Gold and Black: In the last couple weeks, it appears your blitzing more from the corners. Is that working well?
Tibesar: "Usually, in general, players like to play more aggressive and we're trying to create more things defensively by making things happen, instead of waiting for the guys to go and make plays. And certainly, if the game plan calls for it, we're willing to bring pressure. Iowa is a little more simple than some of the other teams we face on offense and there's not as many adjustments and stuff like that, so you feel a little more comfortable bringing a lot of pressure against them."
Gold and Black: On Iowa's second-to-last drive, they had a first-and-goal from the 6-yard line, but you held the Hawkeyes to only a game-tying field goal. What went well on the hold?
Tibesar: "It was unfortunate that they were able to drive it down that far. But they got a first-and-goal at the six, defensively you've just got to have the mentality that we've got to win three plays in a row. Whether we're on the six-yard line, 20-yard line or 50-yard line, you've got to win three plays in a row. We were able to do that and stop some runs, then they had the sprint out and Taylor Richards made a heck of a play. It was kind of the same kind of route that Ohio State scored their touchdown on, on a sprint out, the guy had to go down to his shoelaces and we got a finger on it and he couldn't make the catch. It was a big play in the game for us, to get that incompletion right there."
Gold and Black: And earlier you mentioned one-on-one wins. One of those was on the fourth-and-three on Iowa's last drive, when Taylor Richards made the stop on an open-field tackle.
Tibesar: "He had a couple (like that). You're talking about a 260-pound tight end who catches the ball in the flat and literally if he falls forward he gets the first down. Taylor hits him and is able to get him down immediately, and he's probably giving up at least 50 to 75 pounds on that guy. To be perfectly honest, probably 75 pounds to that guy and he made a nice, clean open-field tackle, which is great to see. Because a week earlier against Penn State, he was in a similar situation and wasn't able to make that tackle. And he made a couple of them just like that (Saturday) in the game and showed me that he's learning and growing as a player on how to get a guy like that down on the ground, which is what we're asking him to do. That was a really critical stop for our football team."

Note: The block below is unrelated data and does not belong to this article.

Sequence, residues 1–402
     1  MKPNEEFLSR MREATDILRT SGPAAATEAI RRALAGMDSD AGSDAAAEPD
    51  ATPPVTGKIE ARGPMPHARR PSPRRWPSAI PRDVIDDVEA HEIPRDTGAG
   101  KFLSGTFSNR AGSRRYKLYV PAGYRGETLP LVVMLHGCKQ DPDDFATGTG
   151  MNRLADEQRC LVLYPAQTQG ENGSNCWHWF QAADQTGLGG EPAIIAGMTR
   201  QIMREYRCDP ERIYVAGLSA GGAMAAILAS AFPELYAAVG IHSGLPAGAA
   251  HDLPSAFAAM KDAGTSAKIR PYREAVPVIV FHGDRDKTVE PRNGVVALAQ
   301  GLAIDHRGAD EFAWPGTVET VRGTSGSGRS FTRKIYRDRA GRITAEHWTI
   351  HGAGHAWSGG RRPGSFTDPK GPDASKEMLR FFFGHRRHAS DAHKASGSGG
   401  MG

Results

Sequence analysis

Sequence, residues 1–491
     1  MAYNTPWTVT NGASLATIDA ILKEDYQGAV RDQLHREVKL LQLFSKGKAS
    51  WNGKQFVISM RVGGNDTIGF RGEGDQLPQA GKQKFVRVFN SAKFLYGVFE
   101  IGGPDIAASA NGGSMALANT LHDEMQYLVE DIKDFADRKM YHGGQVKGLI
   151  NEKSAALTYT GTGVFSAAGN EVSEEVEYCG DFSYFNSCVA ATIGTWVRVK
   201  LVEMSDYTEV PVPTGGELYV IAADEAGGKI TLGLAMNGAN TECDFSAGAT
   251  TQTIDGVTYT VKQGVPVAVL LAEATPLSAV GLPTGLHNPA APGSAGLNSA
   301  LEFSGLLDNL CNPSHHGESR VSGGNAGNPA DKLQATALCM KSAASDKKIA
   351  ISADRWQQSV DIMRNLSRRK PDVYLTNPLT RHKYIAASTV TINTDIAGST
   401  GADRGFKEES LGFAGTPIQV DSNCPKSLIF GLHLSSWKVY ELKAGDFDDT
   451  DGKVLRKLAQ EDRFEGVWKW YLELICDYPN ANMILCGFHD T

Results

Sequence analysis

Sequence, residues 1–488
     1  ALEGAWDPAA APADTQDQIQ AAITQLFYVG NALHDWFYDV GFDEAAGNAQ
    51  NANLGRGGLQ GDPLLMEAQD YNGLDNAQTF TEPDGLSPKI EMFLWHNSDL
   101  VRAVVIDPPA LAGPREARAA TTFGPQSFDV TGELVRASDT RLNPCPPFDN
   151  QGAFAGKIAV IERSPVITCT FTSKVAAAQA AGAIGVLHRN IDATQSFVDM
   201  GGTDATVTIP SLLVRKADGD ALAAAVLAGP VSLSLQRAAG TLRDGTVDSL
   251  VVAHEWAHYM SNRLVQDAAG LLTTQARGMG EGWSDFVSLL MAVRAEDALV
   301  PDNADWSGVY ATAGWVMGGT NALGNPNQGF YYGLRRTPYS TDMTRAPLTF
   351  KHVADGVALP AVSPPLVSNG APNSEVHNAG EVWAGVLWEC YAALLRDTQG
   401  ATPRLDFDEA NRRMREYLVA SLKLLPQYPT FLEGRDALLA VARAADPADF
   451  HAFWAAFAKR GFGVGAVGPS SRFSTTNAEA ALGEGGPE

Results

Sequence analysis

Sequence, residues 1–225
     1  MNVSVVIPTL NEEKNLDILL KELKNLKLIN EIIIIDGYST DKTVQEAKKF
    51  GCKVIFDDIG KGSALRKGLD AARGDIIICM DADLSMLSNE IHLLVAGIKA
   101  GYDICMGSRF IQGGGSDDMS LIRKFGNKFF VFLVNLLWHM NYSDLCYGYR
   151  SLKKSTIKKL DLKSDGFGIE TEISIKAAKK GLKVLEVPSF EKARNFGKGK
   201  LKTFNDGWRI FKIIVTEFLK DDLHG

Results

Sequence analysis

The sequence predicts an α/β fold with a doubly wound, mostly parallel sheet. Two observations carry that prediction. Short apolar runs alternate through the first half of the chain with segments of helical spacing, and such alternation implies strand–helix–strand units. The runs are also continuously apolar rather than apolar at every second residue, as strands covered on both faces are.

Gold and Black: You tackled much better this week.
Tibesar: "We did really well on the tailback and for the most part on their receivers. We had one on their sideline that we missed the tackle on the hitch route. The disappointing ones were when the quarterback got out of the pocket a couple times and we weren't able to get him down when we wanted to. But we did tackle much better than we had the week before."
Gold and Black: Is Frankie Williams struggling with the hitch-and-goes, or pump fakes? He got called for the pass interference, although it looked to me like it should have been holding.
Tibesar: "If you look at the film, from the way I understand pass interference, the contact occurred before the ball was in the air and there was no grabbing. Therefore, by rule, the way I understand, it can not be pass interference because the ball was no in the air. The worse case is holding, if he's holding on to the receiver. But it was a contact play with no hold - that's what the official said - but he said the ball was in the air. And it obviously, if you watch the film, wasn't, so it's a legal play. That's the way I understand it."
Gold and Black: How did you stop Iowa's play-action?
Tibesar: "It helps when you stop the run, because then your safeties aren't biting so hard on the play-action and they don't feel like they have to be the guy out there to stop the run and we did better up front by having the front guys stop the run. And we got some pressure. But there were some times when they had time and they threw the ball down the field and our guys were able to stand up in coverage and win those one-on-one matchups and that's the key. If you win those one-on-one matchups up there it becomes frustrating for the offense."
Gold and Black: So how do you stay consistent now?
Tibesar: "It's always a challenge to be consistent. You have the same team but your opponent's not the same every week either. Different opponents present different challenges. Hopefully we can sustain a high level of defense again this week."